Back in 2014 when Framed released to critical acclaim, I had some fairly fundamental problems which prevented me from enjoying it. A game about rearranging the order of motion comic frames so that events happened in differing orders and produced different outcomes, my biggest issue with the game was how often puzzles were unclearly presented. Often it was impossible to look at the pieces of a puzzle, reliably see what would happen if the order was switched and predict the outcome of a choice made in the game.

Often puzzles needed experimentation and brute force before their constituent parts could be fully understood, with puzzles impossible to reason out complete correctly on a first attempt, and that left me feeling let down by much of Framed.

So, does Framed 2 fix that core complaint? Not really. While the PAX Australia demo for the game introduces multiple new mechanics for interacting with comic panels, that core trial and error necessity remains.


So, what’s immediately new? Some comic panels can now be rotated and other panels can be moved mid way through a sequence so that the character passes through a frame more than once. Neither of these new mechanics is well explained, with no obvious indicator which panels can and can’t be rotated and a lack of instruction on the fact you can move a panel sometimes, but not always, mid playthrough.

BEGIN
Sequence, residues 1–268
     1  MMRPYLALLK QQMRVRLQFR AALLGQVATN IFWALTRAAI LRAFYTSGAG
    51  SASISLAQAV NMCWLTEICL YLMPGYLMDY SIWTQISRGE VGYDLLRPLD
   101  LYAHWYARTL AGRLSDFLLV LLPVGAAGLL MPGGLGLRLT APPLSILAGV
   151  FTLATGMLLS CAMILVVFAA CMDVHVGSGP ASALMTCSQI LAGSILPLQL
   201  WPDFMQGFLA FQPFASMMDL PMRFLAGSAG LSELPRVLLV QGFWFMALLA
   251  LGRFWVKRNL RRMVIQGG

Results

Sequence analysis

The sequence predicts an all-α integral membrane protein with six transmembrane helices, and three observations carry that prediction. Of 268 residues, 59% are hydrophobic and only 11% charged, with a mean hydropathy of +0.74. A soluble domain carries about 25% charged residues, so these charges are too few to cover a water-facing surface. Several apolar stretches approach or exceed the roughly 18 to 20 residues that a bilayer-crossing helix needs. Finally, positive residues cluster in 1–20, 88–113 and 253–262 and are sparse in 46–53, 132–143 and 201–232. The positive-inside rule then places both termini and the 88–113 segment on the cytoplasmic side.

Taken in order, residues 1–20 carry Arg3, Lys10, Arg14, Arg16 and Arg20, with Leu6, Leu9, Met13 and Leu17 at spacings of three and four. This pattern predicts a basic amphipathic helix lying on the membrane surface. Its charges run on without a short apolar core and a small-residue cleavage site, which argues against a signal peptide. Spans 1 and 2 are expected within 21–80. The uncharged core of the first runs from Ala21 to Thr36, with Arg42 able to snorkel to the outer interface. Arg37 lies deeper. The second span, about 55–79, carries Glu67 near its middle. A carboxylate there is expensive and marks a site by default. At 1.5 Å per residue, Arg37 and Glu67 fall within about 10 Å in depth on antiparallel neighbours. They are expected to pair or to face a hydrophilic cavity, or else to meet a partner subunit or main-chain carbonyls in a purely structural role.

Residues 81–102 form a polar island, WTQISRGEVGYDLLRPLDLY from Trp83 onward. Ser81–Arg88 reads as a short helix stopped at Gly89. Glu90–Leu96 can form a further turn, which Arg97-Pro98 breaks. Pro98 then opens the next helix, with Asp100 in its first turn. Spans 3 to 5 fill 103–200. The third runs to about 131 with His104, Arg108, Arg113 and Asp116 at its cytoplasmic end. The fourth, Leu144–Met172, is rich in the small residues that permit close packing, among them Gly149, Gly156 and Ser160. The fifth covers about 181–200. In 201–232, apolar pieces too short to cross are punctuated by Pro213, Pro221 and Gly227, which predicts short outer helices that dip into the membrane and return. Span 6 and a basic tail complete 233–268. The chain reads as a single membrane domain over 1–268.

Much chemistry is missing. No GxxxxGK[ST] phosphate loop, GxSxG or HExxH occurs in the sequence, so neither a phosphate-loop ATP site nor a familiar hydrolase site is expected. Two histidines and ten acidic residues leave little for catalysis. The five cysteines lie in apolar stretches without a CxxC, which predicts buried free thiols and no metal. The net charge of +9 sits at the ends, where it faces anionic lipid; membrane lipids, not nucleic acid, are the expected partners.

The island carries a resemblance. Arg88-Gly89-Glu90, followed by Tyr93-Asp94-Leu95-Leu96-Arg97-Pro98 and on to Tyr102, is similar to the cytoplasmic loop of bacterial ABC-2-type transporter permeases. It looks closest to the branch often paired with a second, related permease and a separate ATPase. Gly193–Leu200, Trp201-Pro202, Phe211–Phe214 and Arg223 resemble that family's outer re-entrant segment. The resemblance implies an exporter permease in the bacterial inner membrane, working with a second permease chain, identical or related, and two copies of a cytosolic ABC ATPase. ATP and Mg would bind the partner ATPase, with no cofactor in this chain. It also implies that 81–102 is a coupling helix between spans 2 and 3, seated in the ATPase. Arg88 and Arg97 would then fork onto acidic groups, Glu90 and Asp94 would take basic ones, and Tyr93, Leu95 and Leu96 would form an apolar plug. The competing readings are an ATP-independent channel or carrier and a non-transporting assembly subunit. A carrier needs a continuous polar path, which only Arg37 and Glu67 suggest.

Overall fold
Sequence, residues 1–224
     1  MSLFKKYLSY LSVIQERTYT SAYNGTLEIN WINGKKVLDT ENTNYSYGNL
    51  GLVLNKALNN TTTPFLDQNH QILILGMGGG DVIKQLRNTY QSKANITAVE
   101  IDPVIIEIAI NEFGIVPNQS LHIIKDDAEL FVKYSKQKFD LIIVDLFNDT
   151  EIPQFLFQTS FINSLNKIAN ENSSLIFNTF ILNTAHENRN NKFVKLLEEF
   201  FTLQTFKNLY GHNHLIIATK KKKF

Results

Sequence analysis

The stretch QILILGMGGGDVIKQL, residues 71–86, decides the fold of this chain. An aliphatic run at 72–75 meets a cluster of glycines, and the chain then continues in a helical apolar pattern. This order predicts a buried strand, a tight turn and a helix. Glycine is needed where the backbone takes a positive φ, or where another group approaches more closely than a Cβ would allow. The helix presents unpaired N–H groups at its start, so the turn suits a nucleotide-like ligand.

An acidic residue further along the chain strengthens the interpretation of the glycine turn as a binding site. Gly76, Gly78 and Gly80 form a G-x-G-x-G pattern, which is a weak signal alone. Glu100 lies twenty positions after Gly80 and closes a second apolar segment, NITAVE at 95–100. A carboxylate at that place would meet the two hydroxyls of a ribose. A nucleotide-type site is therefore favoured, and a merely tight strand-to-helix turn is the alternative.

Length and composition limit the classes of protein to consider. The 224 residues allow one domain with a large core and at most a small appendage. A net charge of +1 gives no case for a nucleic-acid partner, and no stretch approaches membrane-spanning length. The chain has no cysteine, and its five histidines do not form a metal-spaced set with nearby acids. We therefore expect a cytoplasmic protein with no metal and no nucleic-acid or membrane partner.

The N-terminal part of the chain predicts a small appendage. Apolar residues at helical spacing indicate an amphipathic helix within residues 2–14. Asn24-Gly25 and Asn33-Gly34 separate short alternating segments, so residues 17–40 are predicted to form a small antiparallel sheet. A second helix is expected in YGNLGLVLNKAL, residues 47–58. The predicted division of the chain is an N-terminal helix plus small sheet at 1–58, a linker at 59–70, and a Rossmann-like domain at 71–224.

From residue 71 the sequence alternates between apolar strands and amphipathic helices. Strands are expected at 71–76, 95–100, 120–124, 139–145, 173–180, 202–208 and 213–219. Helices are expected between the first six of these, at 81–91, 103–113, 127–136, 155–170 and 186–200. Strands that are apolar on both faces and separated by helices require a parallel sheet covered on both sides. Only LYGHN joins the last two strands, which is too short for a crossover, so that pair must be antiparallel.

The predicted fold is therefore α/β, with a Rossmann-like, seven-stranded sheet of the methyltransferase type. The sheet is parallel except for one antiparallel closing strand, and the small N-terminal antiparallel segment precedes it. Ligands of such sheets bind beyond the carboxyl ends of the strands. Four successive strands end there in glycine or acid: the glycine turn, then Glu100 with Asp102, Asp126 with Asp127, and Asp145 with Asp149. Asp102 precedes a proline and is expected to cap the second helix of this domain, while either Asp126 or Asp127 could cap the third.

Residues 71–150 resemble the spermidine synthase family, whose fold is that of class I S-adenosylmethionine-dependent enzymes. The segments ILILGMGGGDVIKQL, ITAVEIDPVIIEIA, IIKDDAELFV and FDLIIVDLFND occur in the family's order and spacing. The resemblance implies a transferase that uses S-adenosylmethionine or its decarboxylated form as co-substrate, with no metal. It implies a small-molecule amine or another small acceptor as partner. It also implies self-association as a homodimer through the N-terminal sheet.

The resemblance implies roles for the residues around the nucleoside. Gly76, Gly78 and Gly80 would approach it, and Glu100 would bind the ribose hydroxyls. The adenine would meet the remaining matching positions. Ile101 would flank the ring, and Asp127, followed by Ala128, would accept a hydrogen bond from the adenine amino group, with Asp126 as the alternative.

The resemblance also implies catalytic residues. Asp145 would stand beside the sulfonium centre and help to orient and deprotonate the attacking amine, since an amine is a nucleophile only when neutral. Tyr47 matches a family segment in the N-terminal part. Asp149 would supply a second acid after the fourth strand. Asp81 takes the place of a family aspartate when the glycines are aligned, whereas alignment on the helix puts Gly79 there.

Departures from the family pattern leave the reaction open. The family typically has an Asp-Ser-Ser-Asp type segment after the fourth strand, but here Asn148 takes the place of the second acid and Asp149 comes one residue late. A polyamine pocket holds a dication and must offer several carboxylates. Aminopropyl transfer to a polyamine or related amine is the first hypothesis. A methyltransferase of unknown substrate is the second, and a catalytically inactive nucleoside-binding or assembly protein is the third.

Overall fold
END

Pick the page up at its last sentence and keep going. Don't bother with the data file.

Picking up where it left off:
Unfortunately, in my fifteen minutes with the game, I found myself mainly making progress by trial and error. Poorly presented panels made it unclear which areas were progressable through and why and some panels failed to give enough information to make sense of direction and locations.

I really wish I enjoyed Framed 2 more, the first game was so well received that I really feel like I’m missing out. I just can’t shake the feeling that it’s style over trial and error based substance.

Laura’s gaming journey began in the 90′s when she was given a SNES by her older brother with Mario paint. From that day video games were all she thought about day or night, be it playing them, designing them, discussing them or writing about them.